Three Dimensions and ten Indicators of Multidimensional Poverty: The United Nations has recommended three dimensions to compute the MPI: Health, Education and Standard of Living. In turn, these three dimensions are measured through ten indicators Health: 1. Nutrition: At least one member of household (HH) is malnourished; 2. Child Mortality: One or more children in the HH have died; Education: 3. No one in the HH has completed five years of education; 4. At least one school-aged child not enrolled in school; Living Conditions: 5. HH has no electricity; 6. HH has no access to clean drinking water; 7. HH has no access to adequate sanitation; 8. HH has a dirty floor; 9. HH uses firewood as cooking fuel, but does not have a separate kitchen; 10. HH has no car and does not own more than one of the following: Radio, TV, Telephone, Bicycle, Motor-cycle or refrigerator.

Figure 2 - Contribution (%) to Multidimensional Poverty from the Ten Indicators - 2009/10
Living Conditions: Having a Dirty Floor Living Conditions: No Electricity 6% 8% 25% 3% Living Conditions: No Access to clean drinking water Living Conditions: No Access to Adequate Sanitation Living Conditions: Inadequate Assets Living Conditions: Shanty/ Linerooms Education: At least one schoolage child not enrolled in school Education: No one has completed 5 yrs of Schooling Health: Head of HH Chronically Ill/Disabled Health: Not receiving at least 80% of energy requirement & Food Ratio>60%

Contribution to Multidimensional Poverty



3% 28% 6% 6%

Source: Household Income and Expenditure Survey-2009/10, Department of Census and Statistics

Analysis based on the Demographic and Health Survey-2006/07 (DHS-2006/07) conducted by the Department of Census and Statistics (DCS), which provide the required data to compute the above mentioned indicators, showed that 7.0% of people in Sri Lanka were multidimensionally poor, while 15.2% were in Income Poverty (based on Household Income and Expenditure Survey-2006/07).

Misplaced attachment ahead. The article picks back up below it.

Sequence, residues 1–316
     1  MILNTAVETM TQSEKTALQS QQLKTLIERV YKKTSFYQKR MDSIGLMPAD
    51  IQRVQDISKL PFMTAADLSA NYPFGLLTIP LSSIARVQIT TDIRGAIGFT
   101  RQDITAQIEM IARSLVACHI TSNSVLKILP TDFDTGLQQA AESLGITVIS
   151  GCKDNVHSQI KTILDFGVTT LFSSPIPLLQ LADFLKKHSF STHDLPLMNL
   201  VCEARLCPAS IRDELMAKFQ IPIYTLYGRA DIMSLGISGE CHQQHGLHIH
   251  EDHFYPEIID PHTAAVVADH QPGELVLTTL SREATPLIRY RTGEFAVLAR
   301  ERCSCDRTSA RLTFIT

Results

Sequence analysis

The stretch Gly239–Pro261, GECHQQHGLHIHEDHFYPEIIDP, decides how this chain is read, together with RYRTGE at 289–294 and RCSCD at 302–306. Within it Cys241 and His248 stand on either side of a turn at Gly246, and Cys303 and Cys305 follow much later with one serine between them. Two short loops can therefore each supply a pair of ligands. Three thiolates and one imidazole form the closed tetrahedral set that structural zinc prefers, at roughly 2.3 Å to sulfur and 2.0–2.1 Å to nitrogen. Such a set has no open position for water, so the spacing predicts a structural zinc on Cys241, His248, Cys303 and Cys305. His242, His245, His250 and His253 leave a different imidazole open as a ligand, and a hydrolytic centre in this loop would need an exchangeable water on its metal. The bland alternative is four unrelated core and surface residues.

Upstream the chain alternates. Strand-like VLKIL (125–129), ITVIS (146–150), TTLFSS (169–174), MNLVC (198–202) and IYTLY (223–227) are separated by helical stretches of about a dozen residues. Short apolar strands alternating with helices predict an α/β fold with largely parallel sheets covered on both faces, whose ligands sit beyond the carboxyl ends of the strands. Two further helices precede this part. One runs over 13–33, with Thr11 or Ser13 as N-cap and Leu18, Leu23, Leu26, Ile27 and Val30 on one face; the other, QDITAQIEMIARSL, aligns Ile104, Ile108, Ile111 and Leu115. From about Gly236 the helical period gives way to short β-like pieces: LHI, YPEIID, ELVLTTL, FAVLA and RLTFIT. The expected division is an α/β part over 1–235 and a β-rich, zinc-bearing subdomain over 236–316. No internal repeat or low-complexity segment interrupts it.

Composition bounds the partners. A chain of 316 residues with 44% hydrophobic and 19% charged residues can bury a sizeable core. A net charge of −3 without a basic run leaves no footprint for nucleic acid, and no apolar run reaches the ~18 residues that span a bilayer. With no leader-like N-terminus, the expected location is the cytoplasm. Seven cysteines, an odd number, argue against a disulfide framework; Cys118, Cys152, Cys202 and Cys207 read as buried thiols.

The health dimension made the highest contribution to multidimensional poverty in 2006/07 The DHS-2006/07 showed that the contribution to multidimensional poverty from the two health indicators were 41.0% (Nutrition: 30.0% and Child Mortality: 10.8%). DHS-2006/07 did not cover the Northern Province. The Household Income and Expenditure Survey 2009/10 (HIES-2009/10), on the other hand, covered at least two districts in the Northern Province (Jaffna and Vavuniya). However, this survey does not provide the necessary data to compute the two UNrecommended health indicators. As it is not possible to disregard the Health Dimension (as contribution from health dimension to multidimensional poverty is high) two proxy indicators were used in place of the recommended indicators: 1. Nutrition: (i)Calorie (energy) Consumption of the Household is less than 80% of the requirement and (ii)Food Ratio (percentage expenditure on food) of the Household is more than 60% and, 2. Health: Head of the Household is chronically ill or disabled. Another proxy indicator under Living Conditions had to be used in place of Indicator 9 - Household use firewood as cooking fuel and no separate kitchen, as HIES-2009/10 does not indicate whether the household has a separate kitchen or not. As a result, the proxy indicator used was whether the household is living in a Shanty/ Line room, as such units are less likely to have a separate kitchen and are more likely to use firewood for cooking. Multidimensional Poverty declined from 7.0 to 4.7%1, while Income Poverty declined from 15.2 to 8.9% between 2006/07 to 2009/10 The analysis based on the HIES-2009/10 showed that 4.7% of the population in Sri Lanka was Multidimensionally Poor and the contribution from the health component was as high as 53.0%, which confirms the findings of the DHS-2006/07, although the two indicators used are completely different, as already explained. Disability and/or chronic illnesses of the Head of the Household, has a very high contribution to acute poverty in Sri Lanka The contribution to Multidimensional poverty, due to Disability or chronic illnesses of the Head of the Household is 28%, which indicates that this is one of the main factors affecting the households in acute poverty.